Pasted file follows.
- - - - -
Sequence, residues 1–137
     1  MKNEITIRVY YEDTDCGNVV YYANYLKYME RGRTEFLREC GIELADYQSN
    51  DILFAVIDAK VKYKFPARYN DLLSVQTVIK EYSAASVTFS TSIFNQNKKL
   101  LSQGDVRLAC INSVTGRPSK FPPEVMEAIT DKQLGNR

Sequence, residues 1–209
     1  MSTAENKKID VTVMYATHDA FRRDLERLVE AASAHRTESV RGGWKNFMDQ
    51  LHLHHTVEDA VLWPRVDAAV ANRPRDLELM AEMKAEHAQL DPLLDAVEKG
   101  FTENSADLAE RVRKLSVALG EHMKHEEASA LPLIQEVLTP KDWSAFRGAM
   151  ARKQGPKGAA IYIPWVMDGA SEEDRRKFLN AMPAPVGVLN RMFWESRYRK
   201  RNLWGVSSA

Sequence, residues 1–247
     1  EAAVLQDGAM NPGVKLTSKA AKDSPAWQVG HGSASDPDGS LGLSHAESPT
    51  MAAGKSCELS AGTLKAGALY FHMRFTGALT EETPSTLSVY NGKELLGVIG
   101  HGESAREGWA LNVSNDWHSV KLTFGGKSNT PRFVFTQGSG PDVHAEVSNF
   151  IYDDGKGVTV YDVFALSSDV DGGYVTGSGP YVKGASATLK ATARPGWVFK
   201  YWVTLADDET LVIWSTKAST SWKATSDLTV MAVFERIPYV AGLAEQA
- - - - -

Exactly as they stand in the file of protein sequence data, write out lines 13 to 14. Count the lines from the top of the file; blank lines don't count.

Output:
    51  MAAGKSCELS AGTLKAGALY FHMRFTGALT EETPSTLSVY NGKELLGVIG
   101  HGESAREGWA LNVSNDWHSV KLTFGGKSNT PRFVFTQGSG PDVHAEVSNF